LabCorp to Offer Fully Automated Real-Time HIV Test from Roche Diagnostics
Laboratory Corporation of America® Holdings (LabCorp®) has announced an agreement to offer a HIV test for diagnostic use.
LabCorp is the first commercial laboratory to enter a supply agreement for Roche Diagnostics' COBAS® AmpliPrep/COBAS® TaqMan® HIV-1 Test, a real-time PCR test using an automated format that quantifies the amount of the virus in the blood from very high to very low levels.
The U.S. Food & Drug Administration (FDA) approved the test on May 11, 2007 for use in the United States. Doctors will use the information the test provides to establish a baseline HIV infection level before treatment of patients, as well as to monitor patients' responses during treatment.
"Our agreement to make available this state-of-the-art HIV test further illustrates LabCorp's continuing commitment to patient care and scientific leadership," said Myla P. Lai-Goldman, M.D., Executive Vice President, Chief Scientific Officer and Medical Director of LabCorp.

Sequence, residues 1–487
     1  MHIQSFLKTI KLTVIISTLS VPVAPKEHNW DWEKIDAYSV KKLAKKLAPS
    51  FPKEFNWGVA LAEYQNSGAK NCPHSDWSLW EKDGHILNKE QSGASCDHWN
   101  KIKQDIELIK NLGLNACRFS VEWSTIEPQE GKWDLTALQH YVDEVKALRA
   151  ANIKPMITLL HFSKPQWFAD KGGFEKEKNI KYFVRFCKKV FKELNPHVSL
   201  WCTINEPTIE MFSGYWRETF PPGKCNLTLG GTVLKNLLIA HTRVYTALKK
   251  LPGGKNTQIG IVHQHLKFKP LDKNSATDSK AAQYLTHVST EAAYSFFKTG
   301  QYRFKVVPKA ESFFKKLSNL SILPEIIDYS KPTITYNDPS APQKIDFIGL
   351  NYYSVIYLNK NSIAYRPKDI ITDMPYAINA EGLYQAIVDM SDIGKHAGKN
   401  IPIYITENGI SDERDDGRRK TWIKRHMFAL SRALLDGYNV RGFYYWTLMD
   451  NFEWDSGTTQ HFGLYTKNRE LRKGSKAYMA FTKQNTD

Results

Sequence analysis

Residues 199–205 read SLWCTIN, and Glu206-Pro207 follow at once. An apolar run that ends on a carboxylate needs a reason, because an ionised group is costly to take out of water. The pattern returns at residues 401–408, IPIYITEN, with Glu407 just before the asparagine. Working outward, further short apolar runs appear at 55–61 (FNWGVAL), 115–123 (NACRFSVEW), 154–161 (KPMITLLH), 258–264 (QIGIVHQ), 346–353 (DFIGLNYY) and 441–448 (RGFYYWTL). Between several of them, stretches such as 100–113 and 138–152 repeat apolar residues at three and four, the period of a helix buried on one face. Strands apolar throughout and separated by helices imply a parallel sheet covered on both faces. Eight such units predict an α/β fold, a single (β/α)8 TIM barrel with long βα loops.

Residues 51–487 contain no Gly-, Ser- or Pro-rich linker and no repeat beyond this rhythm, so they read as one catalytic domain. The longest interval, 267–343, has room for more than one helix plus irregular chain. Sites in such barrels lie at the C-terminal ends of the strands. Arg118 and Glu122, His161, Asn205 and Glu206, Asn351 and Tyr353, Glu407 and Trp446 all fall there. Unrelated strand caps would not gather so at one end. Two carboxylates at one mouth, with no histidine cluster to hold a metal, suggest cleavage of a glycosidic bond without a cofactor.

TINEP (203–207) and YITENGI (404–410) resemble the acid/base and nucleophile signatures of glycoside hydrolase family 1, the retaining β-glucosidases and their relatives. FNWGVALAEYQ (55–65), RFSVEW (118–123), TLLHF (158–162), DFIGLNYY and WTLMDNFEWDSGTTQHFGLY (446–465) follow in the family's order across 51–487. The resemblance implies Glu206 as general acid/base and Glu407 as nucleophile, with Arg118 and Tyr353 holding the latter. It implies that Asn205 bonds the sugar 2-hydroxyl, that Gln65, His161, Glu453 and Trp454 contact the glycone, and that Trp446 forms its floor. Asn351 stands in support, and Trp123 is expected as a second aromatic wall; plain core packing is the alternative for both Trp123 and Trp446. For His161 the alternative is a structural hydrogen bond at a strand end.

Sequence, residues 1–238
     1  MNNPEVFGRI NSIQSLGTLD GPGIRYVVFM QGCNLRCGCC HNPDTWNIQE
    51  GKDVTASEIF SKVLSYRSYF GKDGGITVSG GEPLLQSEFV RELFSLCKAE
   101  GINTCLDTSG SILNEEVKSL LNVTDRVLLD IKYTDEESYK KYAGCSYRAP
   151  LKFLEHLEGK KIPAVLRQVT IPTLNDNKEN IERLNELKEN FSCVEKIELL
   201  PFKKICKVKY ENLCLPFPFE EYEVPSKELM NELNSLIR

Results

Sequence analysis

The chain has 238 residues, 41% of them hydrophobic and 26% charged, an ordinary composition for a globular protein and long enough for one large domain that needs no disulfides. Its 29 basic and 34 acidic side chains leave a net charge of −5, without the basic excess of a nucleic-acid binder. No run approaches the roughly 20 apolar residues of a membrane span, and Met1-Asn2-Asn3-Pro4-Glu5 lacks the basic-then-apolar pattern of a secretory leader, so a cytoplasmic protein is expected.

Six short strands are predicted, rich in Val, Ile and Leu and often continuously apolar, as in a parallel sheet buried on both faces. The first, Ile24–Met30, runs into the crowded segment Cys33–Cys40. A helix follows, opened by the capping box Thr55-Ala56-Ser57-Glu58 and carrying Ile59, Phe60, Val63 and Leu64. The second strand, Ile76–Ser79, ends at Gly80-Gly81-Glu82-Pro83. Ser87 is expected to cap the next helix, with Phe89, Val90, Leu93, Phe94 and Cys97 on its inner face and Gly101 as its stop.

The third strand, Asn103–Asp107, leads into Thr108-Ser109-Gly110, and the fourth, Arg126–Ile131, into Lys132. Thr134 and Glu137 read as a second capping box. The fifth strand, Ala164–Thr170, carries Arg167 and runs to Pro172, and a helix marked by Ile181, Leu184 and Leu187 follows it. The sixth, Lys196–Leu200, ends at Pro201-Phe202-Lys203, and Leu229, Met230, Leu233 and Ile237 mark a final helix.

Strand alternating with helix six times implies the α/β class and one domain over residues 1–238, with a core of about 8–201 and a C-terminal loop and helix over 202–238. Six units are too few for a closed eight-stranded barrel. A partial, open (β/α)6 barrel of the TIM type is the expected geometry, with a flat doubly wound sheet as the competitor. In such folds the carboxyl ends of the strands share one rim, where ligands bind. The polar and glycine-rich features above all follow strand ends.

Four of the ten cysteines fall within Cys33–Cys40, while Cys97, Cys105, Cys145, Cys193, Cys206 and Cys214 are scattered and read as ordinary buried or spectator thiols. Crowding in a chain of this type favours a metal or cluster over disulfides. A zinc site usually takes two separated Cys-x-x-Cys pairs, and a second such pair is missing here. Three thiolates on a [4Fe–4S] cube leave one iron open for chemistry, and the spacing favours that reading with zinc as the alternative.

Lai-Goldman continued, "We're proud that we will be offering a test that will allow patients to receive treatment tailored to their particular level of infection, which will lead to more successful management of the virus. Furthermore, by fully automating sample preparation, amplification and detection in a standardized process, we will eliminate a number of manual steps and enhance the total quality process."
"We are very pleased that our new HIV test and automated platform will enable LabCorp, a recognized leader in clinical diagnostics, to continue its tradition of pioneering commercialization of new diagnostic technologies," said Daniel O'Day, President and CEO of Roche Molecular Diagnostics, the business area of Roche that developed the test.
"HIV remains a serious health issue in the U.S. and worldwide. We recognize that LabCorp's enthusiasm for bringing this test to the U.S. market quickly has important potential to benefit treatment monitoring for many of the more than 1 million HIV-infected patients across the nation,” O'Day added.